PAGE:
With outdated animation and an incoherent story, why is Akira -- just released on DVD -- a classic?
And here (if anyone still cares) is a long article worrying whether the new Star Trek series, Enterprise, can recapture the liberal optimism of the original.
Friday 20 July 2001
Skiffy Flix: Reactions to Jurassic Park III
Good reviews for the third of the series. [ official website | IMDb ]
Elvis Mitchell, New York Times:
[a] cruel-to-be-kind sequel that's a lot more fun than the previous "Park" excursions.
Roger Ebert, Chicago Sun-Times (three stars):
Jurassic Park III is shorter, cheaper and with fewer pretensions than its predecessors, and yet there was nothing I disliked about it, and a lot of admire in its lean, efficient story telling.
Stephanie Zacharek, Salon:
Another saving grace of "Jurassic Park III" is that it captures some of the wonder from the first picture. Director Joe Johnston ("Honey, I Shrunk the Kids," "Jumanji") is much more low-key than his predecessor Steven Spielberg, who directed the first two pictures in the series. Thankfully, he's out to set us rambling and bumping on a scary-funny amusement park ride; he doesn't hammer on the whiskery old theme of man-playing-God, nor does he seem to take much pleasure in the requisite bloody chomping, even though he of course has to include some of it.
And he offers us one extraordinary panorama that looks as if it had been lifted straight out of those softly colored educational picture books of the '50s and '60s, a group of peaceful vegetarian apatosauruses against a purply pink Maxfield Parrish sky on the banks of a canal, chomping placidly on the plants they so love to eat.
Any claim to the status of TV as art might have trouble accounting for the fact that old "classic" TV shows are routinely cut to allow time for additional commercials, even by cable stations that already charge viewers for access -- and no one cares. Including, for example, Classic Trek.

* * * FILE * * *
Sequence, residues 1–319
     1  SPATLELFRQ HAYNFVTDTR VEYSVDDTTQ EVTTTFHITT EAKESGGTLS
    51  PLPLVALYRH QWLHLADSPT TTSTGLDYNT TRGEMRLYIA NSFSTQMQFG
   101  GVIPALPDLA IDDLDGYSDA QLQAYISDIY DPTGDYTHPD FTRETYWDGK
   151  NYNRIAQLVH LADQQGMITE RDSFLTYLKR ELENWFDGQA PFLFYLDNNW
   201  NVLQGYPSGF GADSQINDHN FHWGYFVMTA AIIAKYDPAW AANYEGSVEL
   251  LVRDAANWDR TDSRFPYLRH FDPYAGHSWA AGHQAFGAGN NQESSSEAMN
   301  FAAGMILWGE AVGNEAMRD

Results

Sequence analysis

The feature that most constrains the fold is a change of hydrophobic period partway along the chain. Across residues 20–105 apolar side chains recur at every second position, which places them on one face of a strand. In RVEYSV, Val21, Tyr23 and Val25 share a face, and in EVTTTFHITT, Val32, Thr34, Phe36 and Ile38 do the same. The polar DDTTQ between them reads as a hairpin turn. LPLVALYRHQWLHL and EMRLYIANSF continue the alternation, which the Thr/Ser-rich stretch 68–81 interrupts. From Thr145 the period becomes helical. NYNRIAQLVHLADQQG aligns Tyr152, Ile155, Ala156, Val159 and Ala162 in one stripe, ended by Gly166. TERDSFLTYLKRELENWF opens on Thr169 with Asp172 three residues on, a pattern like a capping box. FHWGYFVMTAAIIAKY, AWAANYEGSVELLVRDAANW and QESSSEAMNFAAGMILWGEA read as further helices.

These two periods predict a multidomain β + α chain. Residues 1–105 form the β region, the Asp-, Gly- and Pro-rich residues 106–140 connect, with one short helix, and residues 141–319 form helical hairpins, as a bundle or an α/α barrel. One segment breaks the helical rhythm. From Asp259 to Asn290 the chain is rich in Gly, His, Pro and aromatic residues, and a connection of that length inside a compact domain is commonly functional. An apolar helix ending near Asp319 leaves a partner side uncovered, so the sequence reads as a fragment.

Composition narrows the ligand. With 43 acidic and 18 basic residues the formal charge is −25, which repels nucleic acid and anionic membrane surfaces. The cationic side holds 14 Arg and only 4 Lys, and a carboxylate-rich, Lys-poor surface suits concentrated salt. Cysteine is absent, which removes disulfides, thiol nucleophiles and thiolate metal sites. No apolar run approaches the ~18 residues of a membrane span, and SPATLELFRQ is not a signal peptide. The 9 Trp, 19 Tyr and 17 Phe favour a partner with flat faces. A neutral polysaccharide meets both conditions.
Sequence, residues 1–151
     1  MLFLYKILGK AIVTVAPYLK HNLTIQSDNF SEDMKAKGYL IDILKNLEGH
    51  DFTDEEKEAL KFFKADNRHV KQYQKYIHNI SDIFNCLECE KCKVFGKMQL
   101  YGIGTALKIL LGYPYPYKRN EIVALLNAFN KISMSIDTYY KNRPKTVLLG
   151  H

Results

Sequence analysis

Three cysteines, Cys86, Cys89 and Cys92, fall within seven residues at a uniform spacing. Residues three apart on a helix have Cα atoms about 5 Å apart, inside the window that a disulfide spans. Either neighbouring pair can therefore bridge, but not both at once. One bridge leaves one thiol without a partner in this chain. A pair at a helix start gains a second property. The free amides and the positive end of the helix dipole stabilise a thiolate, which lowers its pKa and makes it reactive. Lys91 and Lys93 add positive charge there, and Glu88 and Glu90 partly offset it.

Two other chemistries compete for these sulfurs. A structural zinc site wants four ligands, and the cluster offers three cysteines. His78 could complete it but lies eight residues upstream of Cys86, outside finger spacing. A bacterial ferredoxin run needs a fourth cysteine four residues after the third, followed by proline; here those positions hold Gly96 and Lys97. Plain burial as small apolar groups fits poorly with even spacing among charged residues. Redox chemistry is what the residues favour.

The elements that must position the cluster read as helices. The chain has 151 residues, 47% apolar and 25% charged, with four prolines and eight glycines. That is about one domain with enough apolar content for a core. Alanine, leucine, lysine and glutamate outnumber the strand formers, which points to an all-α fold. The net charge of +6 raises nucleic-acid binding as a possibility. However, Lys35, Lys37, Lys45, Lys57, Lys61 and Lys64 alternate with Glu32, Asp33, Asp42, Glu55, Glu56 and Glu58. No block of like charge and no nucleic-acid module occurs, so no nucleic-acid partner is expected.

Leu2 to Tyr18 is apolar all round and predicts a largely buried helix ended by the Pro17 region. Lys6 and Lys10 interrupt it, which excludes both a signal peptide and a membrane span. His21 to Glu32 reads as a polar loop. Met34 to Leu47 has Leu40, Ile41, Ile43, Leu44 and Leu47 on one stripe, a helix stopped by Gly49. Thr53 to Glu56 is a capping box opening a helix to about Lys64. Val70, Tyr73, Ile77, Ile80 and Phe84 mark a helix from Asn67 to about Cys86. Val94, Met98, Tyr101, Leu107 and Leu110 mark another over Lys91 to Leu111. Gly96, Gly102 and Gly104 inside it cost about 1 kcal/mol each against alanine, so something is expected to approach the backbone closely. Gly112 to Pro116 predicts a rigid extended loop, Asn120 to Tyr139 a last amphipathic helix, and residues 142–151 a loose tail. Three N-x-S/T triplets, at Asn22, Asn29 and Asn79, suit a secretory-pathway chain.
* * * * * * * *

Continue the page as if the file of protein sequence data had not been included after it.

[C]uts aren't invariably the fault of the broadcasters; in some cases, distributors don't even bother to make the uncut version of a show available. For years, Paramount offered only cut versions of many original "Star Trek" episodes (though the uncut versions were usually available on "Trek" videocassettes). But when the uncut series was finally remastered a couple of years ago, and broadcasters could choose between the original and edited versions, it was interesting to note the differences between the Sci-Fi Channel in the United States and its Canadian counterpart, SPACE. For a short time, the Sci-Fi channel did indeed show the uncut "Trek," in a special 90-minute slot filled out with documentary material (and with plenty of "extra" commercial breaks in the middle of acts). A few months later, however, Sci-Fi switched to a version that in some cases was shorter than the old syndication version. SPACE, on the other hand, continues to show uncut episodes of "Trek" every day in a regular one-hour time slot.
There's an episode of "The Mary Tyler Moore Show" where Murray becomes furious upon discovering that the station manager has cut the best joke out of a Marx Brothers movie to make room for more commercials. If cable channels keep slicing out bits and pieces of classic shows, we might not ever see that scene again.
Tuesday 17 July 2001
Reactions to A.I.
The Los Angeles Times has an industry analysis piece by Patrick Goldstein examining the divergence of opinion between critics and the public to Steven Spielberg's A.I.. Many initial reviews were positive...